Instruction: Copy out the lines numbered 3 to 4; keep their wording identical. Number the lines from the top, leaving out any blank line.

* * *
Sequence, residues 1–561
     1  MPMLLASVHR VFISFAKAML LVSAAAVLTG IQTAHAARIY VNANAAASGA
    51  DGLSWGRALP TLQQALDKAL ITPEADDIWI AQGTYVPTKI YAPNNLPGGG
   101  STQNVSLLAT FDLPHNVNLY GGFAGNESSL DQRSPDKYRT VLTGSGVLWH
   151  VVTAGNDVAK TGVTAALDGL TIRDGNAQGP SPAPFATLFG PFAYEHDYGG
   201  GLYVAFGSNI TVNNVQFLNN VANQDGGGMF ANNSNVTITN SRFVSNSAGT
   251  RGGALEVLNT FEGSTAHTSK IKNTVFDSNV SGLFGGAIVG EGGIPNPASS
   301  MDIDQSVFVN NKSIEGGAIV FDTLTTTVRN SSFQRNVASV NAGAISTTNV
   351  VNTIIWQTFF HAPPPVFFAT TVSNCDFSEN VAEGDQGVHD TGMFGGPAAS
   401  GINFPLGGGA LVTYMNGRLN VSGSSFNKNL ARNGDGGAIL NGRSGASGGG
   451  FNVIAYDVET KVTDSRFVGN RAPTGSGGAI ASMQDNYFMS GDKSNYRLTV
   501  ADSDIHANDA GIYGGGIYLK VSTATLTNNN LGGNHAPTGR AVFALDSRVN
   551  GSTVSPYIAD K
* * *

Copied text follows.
    51  DGLSWGRALP TLQQALDKAL ITPEADDIWI AQGTYVPTKI YAPNNLPGGG
   101  STQNVSLLAT FDLPHNVNLY GGFAGNESSL DQRSPDKYRT VLTGSGVLWH